But, really, IoT is still part of a broader shift from server-side to client-side computing that serverless platforms like Lambda and AWS Greengrass can enable. Truly capitalizing on opportunities such as IoT requires adding functionality to client devices to reduce latency and simplify both programming and application architectures.

Accel’s Serverless Investing Thesis

At Accel, one of the primary tenets of our investment thesis over the past decade is that the public cloud is commoditizing underlying infrastructure such as compute, storage and networking. Therefore, we seek startups delivering higher-value workflows that abstract away those layers so developers can build better applications, faster. In short: Our focus is less on improving infrastructure or operations (although that is a result of technologies like Kubernetes), and more about enabling developers to focus on application delivery.

When it comes to developer tools and other “enterprise” IT plays, we want to help fix the impedance mismatch between how quickly developers can build new features and fix bugs, and how quickly that code makes it into production. Movements like agile development and continuous integration/delivery have taken companies so far, but we look at serverless computing, container orchestration, API services and other abstractions as the bridge between where we’re at today and where we want to be within the next few years.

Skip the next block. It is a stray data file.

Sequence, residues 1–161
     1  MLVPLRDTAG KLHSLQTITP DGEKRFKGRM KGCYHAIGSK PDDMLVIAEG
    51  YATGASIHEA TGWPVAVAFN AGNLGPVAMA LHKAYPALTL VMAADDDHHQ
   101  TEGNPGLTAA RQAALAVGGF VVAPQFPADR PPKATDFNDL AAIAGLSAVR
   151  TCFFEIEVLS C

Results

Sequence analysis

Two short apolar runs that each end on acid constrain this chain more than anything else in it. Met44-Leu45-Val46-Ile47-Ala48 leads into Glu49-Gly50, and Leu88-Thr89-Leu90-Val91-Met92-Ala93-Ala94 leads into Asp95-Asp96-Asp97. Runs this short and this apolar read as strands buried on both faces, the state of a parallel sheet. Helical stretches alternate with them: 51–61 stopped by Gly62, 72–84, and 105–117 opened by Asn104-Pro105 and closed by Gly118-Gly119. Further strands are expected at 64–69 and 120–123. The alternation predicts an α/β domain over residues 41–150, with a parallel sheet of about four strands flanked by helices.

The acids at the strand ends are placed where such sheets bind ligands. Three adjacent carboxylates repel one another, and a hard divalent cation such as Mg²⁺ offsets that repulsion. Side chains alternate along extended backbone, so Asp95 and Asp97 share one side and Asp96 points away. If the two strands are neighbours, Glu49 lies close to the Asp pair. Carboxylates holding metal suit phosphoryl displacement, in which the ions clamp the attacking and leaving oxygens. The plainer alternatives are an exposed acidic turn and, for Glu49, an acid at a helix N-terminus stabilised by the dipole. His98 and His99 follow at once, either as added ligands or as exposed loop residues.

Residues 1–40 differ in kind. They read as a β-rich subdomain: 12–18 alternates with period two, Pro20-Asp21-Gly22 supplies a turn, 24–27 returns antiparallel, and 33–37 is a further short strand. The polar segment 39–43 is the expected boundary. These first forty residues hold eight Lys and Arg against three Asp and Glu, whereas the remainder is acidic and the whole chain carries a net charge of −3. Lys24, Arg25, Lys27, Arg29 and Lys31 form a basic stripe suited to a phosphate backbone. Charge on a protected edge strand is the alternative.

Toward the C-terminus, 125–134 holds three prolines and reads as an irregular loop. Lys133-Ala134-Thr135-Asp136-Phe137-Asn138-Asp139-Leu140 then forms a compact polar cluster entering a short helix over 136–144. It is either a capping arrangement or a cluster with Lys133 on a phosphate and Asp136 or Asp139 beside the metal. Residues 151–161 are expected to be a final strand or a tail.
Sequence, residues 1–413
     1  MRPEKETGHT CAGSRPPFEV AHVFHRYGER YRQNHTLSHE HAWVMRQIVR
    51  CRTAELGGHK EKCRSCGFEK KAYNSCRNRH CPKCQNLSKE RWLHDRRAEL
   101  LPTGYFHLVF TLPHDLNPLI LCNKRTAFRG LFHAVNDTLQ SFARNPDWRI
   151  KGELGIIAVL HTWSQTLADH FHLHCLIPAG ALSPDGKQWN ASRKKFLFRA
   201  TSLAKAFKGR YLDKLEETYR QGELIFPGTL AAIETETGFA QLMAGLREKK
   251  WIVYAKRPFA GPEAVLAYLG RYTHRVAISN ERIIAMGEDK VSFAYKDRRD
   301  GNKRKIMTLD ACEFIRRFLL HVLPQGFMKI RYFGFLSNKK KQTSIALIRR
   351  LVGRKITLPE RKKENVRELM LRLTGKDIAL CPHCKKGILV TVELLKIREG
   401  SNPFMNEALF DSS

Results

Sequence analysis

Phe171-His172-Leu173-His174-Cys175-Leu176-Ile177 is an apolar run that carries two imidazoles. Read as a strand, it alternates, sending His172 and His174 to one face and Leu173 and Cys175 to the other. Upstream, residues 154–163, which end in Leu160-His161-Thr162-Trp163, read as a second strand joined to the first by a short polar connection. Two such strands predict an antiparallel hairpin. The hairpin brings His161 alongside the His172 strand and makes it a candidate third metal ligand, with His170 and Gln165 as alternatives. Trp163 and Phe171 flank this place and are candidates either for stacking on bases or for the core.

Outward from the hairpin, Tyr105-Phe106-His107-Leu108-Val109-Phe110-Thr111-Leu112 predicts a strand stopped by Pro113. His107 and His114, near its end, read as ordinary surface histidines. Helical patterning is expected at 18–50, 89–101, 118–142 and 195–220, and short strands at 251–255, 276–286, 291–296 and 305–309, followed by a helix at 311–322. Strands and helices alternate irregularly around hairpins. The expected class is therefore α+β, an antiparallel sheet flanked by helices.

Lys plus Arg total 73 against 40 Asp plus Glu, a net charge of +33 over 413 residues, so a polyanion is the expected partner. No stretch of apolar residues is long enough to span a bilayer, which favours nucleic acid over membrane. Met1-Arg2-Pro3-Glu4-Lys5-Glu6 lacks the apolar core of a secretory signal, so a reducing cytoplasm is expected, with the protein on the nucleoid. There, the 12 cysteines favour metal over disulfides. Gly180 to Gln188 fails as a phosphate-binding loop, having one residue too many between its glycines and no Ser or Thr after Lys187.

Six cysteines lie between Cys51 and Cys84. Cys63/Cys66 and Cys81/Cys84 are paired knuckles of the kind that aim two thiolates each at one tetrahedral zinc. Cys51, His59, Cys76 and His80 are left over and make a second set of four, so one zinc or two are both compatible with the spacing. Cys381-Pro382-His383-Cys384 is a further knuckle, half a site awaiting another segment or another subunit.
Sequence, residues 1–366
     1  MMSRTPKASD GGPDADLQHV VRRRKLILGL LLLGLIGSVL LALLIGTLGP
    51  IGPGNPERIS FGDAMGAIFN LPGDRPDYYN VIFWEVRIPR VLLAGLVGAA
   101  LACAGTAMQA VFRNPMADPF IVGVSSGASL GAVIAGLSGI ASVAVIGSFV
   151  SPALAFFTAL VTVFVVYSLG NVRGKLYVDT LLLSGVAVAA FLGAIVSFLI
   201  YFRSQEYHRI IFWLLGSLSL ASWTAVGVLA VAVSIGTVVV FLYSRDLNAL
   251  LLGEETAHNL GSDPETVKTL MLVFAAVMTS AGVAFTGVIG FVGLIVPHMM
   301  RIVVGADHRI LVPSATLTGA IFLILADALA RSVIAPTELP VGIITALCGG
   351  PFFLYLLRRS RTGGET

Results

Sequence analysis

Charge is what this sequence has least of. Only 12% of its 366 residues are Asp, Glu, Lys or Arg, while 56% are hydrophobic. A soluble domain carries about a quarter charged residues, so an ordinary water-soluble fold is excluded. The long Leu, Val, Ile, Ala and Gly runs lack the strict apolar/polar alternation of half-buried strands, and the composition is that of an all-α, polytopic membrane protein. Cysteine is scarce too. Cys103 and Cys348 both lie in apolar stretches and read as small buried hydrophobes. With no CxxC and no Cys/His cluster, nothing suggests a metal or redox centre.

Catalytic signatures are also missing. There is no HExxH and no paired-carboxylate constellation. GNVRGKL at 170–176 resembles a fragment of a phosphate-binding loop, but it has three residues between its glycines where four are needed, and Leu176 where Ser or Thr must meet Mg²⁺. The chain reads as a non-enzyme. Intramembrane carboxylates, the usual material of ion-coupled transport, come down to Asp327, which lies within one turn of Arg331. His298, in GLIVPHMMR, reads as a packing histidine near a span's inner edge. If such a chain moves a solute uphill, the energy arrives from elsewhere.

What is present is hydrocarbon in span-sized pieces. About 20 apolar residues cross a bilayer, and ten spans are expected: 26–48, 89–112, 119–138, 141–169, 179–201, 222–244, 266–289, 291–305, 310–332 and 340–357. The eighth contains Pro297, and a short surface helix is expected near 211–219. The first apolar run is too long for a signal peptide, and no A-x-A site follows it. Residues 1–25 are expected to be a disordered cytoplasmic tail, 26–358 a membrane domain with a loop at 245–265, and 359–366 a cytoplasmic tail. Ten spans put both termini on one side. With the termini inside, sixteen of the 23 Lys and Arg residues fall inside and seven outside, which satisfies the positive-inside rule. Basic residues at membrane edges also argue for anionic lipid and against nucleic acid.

And outside of these IT-focused, and largely business-to-business startups, we look for startups in all spaces that have figured out how to take advantage of containers, serverless platforms, and API-based services to build and improve their applications more quickly and effectively. Startups that don’t leverage these tools will move too slowly and inefficiently, leaving them at risk of being disrupted by faster-moving competitors or unable to react to opportunities/threats with enough haste. While we don’t typically evaluate application architectures for potential portfolio companies, we do consider whether they are leveraging abstractions and tools that allow them to focus on business innovation rather than on managing IT.

Below, you’ll hear from two of the startups in our portfolio and how they are leveraging serverless technologies to innovate faster and better serve their customers.

Accel Portfolio Companies Spotlight

The ability to use technology to solve business problems is critical to any company. The world is changing from companies building static software solutions to developers delivering living and ever-evolving services to help businesses take full advantage of the technologies they’re bringing into their organizations.